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Wesley Wallick: 109th Indiana, Co. F

                             138th Indiana, Co. A

Rank: 109th Indiana- Private

          138th Indiana- 1st Lieutenant

Place of enlistment: 109th Indiana- Peru, Indiana

                               138th Indiana- Miami County, Indiana 

Mustered into Federal service: 109th Indiana- July 10, 1863

                                                138th Indiana- May 27, 1864

Service time: 109th - 7 days

                     138th- 100 Days

Born: February 4, 1819 - Tuscarawas County, Ohio

Age at enlistment: 45 years old

Civilian occupation: Hotel proprietor


Family Lineage:
John Wesley, son of “Peru” Benjamin, son of Johannes, son of Esther and Hans Michael Wallick

Benjamin Wallick Sr. (AKA “Peru” Benjamin), had nine sons and grandsons who fought in the American Civil War.  Born in Pennsylvania in 1772, he and his wife Mary migrated to Tuscarawas County, Ohio in 1801.  They were some of the first Wallicks to settle in the Old Northwest Territory.  Their son, Benjamin Junior, was born in 1804, one year after the Ohio Territory became a state.  Both Benjamin Senior and Benjamin Junior  had sons named Wesley who served in the American Civil War.  Wesley “the Elder” was Benjamin Junior’s brother.  John Wesley “the Younger” was Benjamin Junior’s son.  What contributes to the confusion is that both Wesleys, the uncle and the nephew, served together at the same time and in the same unit during the Civil War (Company A, 138th Indiana Infantry).  Fortunately, most of their military records, with one exception, identify Wesley Wallick “the Elder” as Wesley and John Wesley Wallick the “Younger” as John W. Wallick   The focus of this biography will be on Lieutenant Wesley Wallick "the Elder," uncle to Private John W.Wallick.

Wesley was one of twelve Wallick Civil War soldiers who was born in Tuscarawas County, Ohio.  Yet by 1861 only one soldier of the twelve was still resident in the county; such was the magnitude of the Wallick western migration in the mid-1800's.  The one remaining soldier was Elias Wallick, who did not survive the war, having died at the Battle of Opequon Creek in the fall of 1864.  All the other Tuscarawas County soldiers had scattered across the Midwest by the time Fort Sumter surrendered.  Wesley’s family had moved to Miami County, Indiana in early 1841.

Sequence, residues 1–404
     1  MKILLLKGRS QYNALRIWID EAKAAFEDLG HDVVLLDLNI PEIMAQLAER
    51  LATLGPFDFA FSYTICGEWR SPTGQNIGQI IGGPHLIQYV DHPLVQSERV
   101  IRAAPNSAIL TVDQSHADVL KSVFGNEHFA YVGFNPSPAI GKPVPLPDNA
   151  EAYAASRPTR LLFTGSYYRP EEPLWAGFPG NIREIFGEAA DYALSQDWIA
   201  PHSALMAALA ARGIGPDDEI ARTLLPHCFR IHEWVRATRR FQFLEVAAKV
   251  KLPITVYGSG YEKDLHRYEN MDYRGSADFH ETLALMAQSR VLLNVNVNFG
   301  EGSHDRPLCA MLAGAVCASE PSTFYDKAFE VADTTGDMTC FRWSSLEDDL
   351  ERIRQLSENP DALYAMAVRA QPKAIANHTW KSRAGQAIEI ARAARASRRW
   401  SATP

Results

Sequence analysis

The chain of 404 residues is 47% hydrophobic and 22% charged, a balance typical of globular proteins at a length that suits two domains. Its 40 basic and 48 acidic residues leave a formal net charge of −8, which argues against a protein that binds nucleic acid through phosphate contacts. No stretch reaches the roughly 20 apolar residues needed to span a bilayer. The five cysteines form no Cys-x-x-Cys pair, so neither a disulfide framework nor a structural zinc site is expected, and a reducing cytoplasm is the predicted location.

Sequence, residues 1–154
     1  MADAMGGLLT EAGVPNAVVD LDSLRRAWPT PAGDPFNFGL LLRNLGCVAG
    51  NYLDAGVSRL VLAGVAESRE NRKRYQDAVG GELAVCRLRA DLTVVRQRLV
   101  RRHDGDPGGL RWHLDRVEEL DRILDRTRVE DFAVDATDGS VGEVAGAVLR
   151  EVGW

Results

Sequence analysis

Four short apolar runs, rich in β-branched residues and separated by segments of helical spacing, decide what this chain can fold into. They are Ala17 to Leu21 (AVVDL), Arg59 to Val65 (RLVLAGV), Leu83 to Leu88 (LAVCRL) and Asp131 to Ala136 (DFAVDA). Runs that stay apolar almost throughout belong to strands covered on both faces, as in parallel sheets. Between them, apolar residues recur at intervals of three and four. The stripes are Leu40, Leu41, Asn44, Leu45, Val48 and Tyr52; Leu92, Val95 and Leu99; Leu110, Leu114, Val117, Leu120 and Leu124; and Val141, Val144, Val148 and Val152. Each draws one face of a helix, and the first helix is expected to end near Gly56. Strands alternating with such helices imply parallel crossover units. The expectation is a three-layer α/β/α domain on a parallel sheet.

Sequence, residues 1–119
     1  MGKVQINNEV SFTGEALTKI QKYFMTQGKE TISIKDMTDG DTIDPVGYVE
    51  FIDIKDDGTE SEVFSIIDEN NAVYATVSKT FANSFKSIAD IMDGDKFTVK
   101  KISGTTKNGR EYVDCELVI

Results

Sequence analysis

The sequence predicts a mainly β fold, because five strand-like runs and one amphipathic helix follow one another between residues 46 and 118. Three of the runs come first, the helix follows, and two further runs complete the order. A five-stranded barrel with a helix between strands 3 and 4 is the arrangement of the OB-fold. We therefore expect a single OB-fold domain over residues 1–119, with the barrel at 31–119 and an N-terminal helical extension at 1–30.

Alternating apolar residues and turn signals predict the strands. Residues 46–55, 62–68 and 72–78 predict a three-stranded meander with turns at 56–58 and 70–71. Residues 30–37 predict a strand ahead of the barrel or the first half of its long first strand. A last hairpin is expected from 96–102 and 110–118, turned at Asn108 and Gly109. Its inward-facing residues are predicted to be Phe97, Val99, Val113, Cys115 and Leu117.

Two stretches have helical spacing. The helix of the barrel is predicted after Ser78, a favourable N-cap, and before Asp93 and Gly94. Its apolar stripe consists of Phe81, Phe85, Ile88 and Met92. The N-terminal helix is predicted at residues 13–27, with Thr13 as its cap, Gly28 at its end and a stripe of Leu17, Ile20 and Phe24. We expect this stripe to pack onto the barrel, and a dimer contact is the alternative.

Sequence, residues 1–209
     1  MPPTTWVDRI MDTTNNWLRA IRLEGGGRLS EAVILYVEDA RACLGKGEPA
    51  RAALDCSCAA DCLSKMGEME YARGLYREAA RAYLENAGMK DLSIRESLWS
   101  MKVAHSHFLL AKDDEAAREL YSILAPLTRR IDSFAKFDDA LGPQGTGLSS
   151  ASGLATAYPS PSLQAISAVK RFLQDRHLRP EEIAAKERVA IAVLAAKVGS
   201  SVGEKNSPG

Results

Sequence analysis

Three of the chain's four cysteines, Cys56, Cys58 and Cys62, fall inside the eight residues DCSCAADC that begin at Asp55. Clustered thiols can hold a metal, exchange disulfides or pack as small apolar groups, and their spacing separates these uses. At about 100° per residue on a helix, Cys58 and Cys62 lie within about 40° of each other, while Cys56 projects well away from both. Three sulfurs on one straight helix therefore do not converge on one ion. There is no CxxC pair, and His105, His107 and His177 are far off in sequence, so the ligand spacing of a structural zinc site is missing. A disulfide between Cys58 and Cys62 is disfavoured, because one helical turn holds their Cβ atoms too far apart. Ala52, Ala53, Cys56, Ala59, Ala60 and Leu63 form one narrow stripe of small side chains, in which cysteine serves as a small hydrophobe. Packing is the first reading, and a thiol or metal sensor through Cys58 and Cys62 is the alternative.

The Wallicks of Miami County were primarily carpenters and millers by trade and by 1861 they had well-established businesses.  Wesley chose not to follow the career path of his  kinsmen and pursued other jobs before and after the war.  In 1852 he traveled to California, apparently with his wife Mary Ann and two young daughters. He, along with many of his friends and neighbors, made the long journey, hoping to strike it rich in the California Gold Rush.

                        Miami County newspaper article dated September 2, 1852.

                     Wesley in the California Gold Rush

It is unknown how much success Wesley achieved as a prospector, panning for gold.  By November, 1857, he was back in Indiana operating the Western House Hotel in downtown Peru.  Three years later, in 1860, Wesley makes another career change and is elected to his first two-year term as sheriff of Miami County.

             Advertisement for the Western House Hotel  - Dated November 12, 1857.
Wesley was 42-years-old when our nation's worst sectional strife exploded into a full-scale war.  While many younger members of his family quickly enlisted, he waited to enlist until he had completed his term as Miami County Sheriff. (He did serve with the One Week Wallick Warriors in July of 1863, but they were more an Indiana militia unit than a committed Federal regiment).  It wasn’t until late May of 1864 that both he and his nephew, John W. Wallick, enlisted in the 138th Indiana Volunteer Infantry. His experience as a sheriff served him well, for he became a lieutenant in Company A; nephew John was a private.  The 138th Indiana was a Hundred-Days Regiment that was created to help supplement the manpower needs of the Union Army for General Grant’s 1864 spring offensive.  Most of the regiment’s responsibilities were in railroad and supply depot security, seeing little or no hostile action.

                  Wesley Wallick with the 109th Indiana Volunteer Infantry


Jul 10-17   The invasion of southern Indiana by Confederate General John Hunt Morgan causes a panic throughout the state and Governor Morton calls up the militia to defend the Hoosier homeland.  All able-bodied males were asked to grab their rifles, mount-up and proceed to Indianapolis to be mustered into Federal service as a Minute Men Regiment.  Five Wallick soldiers from Miami County responded to the call.  They are Wesley, his two brothers, Benjamin and Christopher, and two nephews, Jeremiah and William F. M. Wallick.   The regiment is only activated for one week before the invaders move far enough into Ohio that the emergency expires.  For more information on the Confederate invasion and the Wallicks of the 109th Indiana Volunteer Infantry, see The One Week Warriors webpage.